Order in My Mother's House

My mother is a poet. She self-published her first book of poetry just a few years ago when she was 68. She is published from time to time in the Castine Patriot in Castine, Maine, and the Christian Science Monitor. 

As she's gotten older, she's become more and more single minded. "I just want to finish some more poems," she'll say. "That's all that matters." She is working on her "tract" about the mindless waste of war. And just this past weekend told us about a new idea she has: more poems about family and raising children; "Poems born and raised at home." She is getting very forgetful these days, and struggles with a "gammy leg." But everyone in her small town knows who she is because of the poems:

The guy who came to pave her driveway got one. When he was finished with the balck top, she handed him a crisp white page with her "thanksgiving" poem on it.

The innkeeper at the Manor Lodge on the hill proudly showed us the "winter" poem mom had given her when she brought us our breakfast the second morning of our visit. She keeps it tacked to the wall in her office.

My mom's big social outing of every day is her trip to the post office. So, of course the postmaster got the "Christmas Poem" recently, probably for the third or fourth time. 

Over the past fifteen years, I've gotten a steady rotation of the same twelve poems in the mail from my mother. Some are hers, and some are the poems that she wishes she had written. Poems that William Stafford, or Mary Oliver or Adrienne Rich "must have snuck into her den and stolen."
I am re-framing my pictures of my mother. Literally and figuratively. We are transitioning in to a new set of conversations. Not easy ones. But picturing her as the town's pied poet takes some of the angst out of those conversations. She is quirky, and stubborn, but she is doing what she loves. Now I just laugh when I think of her at the grocery store asking the goth/pierced/tattooed clerk if she's given her the poem about her mother yet.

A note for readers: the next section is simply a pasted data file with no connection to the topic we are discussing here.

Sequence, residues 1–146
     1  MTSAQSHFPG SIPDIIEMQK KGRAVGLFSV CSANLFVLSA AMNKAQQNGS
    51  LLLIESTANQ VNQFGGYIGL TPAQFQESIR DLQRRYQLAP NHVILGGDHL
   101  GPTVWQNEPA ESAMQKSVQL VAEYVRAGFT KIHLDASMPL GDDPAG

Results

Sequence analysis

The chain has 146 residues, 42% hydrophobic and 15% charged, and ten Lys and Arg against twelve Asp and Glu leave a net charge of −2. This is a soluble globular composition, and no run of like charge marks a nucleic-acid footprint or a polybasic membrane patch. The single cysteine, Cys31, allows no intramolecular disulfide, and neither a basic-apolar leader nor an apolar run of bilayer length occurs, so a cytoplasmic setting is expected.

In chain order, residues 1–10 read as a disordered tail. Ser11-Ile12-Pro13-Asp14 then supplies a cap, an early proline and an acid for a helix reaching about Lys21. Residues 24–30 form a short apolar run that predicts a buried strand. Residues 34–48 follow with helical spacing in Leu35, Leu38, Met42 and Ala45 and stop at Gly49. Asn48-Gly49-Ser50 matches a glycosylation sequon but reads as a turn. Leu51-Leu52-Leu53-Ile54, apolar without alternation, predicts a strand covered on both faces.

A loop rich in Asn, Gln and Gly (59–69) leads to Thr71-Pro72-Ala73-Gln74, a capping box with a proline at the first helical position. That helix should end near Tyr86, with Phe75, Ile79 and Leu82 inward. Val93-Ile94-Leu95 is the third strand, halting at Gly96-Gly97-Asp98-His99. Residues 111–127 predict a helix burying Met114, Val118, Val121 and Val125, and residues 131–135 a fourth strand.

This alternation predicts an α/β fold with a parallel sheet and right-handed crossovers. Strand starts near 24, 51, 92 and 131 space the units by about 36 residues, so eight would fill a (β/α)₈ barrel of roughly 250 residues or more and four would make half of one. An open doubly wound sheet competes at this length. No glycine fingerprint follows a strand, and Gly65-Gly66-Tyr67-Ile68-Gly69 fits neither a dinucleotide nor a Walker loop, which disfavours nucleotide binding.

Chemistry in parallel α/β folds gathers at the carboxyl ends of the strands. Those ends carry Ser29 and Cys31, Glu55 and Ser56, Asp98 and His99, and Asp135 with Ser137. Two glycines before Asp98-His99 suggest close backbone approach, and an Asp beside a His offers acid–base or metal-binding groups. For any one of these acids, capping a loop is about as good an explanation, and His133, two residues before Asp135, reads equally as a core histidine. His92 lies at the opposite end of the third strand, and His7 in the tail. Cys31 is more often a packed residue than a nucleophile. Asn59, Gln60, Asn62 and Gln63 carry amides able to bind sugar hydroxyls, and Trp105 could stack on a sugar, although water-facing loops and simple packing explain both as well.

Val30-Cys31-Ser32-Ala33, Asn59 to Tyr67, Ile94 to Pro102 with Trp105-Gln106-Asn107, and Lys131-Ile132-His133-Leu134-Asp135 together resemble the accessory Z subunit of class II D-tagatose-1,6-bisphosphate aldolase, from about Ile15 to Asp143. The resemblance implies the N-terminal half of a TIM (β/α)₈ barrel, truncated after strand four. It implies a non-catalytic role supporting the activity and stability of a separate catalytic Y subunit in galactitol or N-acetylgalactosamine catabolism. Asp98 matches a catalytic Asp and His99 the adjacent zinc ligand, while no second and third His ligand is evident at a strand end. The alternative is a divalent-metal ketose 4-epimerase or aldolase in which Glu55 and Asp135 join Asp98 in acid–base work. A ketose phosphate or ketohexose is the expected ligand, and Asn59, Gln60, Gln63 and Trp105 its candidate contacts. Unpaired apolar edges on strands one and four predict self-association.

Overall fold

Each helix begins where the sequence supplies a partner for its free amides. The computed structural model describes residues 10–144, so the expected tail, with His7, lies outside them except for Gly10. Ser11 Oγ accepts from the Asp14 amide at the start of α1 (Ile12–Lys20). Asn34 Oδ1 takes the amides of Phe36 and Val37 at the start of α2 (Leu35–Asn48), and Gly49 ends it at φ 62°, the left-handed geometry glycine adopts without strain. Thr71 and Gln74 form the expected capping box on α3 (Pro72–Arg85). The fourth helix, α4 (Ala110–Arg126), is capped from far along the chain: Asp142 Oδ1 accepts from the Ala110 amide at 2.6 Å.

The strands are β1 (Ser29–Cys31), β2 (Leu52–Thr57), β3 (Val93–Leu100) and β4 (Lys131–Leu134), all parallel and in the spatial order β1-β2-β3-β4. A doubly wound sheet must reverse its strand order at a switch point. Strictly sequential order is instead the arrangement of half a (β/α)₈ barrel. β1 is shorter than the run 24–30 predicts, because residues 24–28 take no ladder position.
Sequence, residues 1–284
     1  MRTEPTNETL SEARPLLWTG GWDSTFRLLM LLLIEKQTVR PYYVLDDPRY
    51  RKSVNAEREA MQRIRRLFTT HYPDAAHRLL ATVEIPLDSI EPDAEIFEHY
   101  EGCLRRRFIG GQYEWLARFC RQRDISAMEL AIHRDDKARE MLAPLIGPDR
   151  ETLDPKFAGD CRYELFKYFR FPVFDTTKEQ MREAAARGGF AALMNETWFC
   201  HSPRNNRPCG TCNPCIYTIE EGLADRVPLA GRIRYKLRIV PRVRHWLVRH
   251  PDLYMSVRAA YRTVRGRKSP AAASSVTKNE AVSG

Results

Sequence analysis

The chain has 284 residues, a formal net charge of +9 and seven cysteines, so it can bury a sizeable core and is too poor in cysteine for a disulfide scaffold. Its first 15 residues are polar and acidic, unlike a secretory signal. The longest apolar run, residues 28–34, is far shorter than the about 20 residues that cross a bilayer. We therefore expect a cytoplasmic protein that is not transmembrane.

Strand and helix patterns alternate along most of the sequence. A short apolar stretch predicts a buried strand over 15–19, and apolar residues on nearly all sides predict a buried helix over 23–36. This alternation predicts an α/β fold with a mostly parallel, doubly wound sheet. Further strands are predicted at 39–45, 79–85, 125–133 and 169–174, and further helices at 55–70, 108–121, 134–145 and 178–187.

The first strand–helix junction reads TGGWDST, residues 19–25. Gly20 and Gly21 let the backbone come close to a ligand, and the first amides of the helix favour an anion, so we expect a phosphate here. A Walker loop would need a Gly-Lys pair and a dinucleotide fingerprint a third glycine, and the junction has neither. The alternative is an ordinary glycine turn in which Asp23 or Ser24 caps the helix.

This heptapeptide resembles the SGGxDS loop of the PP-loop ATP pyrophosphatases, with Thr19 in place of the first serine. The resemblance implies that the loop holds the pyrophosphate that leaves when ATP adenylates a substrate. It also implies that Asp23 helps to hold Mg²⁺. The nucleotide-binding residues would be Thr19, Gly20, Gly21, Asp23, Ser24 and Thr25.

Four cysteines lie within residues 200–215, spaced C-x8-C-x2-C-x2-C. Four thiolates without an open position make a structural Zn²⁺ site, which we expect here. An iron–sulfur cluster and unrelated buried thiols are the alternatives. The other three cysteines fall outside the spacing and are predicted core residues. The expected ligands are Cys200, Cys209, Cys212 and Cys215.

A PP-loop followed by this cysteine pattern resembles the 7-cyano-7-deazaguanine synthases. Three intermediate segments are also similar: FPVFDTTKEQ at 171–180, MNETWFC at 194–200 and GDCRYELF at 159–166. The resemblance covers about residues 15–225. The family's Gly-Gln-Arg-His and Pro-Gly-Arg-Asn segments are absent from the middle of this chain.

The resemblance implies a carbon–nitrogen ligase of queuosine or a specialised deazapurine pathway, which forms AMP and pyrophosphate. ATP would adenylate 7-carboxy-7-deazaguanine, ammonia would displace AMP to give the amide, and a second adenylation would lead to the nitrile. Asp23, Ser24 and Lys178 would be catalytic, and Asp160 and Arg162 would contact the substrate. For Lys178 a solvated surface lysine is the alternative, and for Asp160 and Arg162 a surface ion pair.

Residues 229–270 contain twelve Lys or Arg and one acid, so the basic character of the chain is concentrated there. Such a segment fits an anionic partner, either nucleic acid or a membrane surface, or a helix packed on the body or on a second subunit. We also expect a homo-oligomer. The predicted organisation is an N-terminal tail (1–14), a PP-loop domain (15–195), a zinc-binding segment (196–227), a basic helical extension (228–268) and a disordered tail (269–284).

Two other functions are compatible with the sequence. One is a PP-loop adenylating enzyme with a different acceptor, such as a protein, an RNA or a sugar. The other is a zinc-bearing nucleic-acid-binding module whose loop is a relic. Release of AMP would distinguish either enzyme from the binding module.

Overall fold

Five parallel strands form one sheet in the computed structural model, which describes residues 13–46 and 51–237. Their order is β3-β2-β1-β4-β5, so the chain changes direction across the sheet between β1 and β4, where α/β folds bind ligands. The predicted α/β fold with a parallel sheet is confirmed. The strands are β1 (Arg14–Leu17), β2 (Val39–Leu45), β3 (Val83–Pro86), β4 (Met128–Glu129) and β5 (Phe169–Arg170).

Order in My Mother's House

Each time I visited she took me on the tour
around her house naming her treasures
and their origins as if they were close
friends; Seth Thomas clock,
brass candlesticks, a walnut table
with square legs, two Queen Anne chairs,
thirteen plates (Italian,)
grandmother's desk.

I scarcely played them well
those scenes recording order
in my mother's house;
polite but inwardly impatient
with reviewing histories
of the need for being needed.

Alone at eighty-three
she set her table for two
people once a day
walked out a mile
renewed her kindnesses
by letters, phone calls,
visits from the family.

Here in these rooms without
that voice and touch
I dust the objects
of her closeness;
clock, the plates,
old desk, feeling at last
the continuity 
she understood

yearning to hear her say,
"Before you leave, there's
one more thing I want
to show you dear..."

The tears fall
out of order in her house.


Darren Stone


Music in the HOUSE!
    posted 2020-07-15

    posted 2019-07-10

    posted 2019-04-29

I Love the Dentist
    posted 2018-11-06

Balloon Girl
    posted 2018-10-08

West Coast Journal
    posted 2017-10-24

Home Stretch
    posted 2017-06-07

Hashtag Kitchen
    posted 2017-03-09

This very old house
    posted 2016-12-13

The Big Move
    posted 2016-12-01

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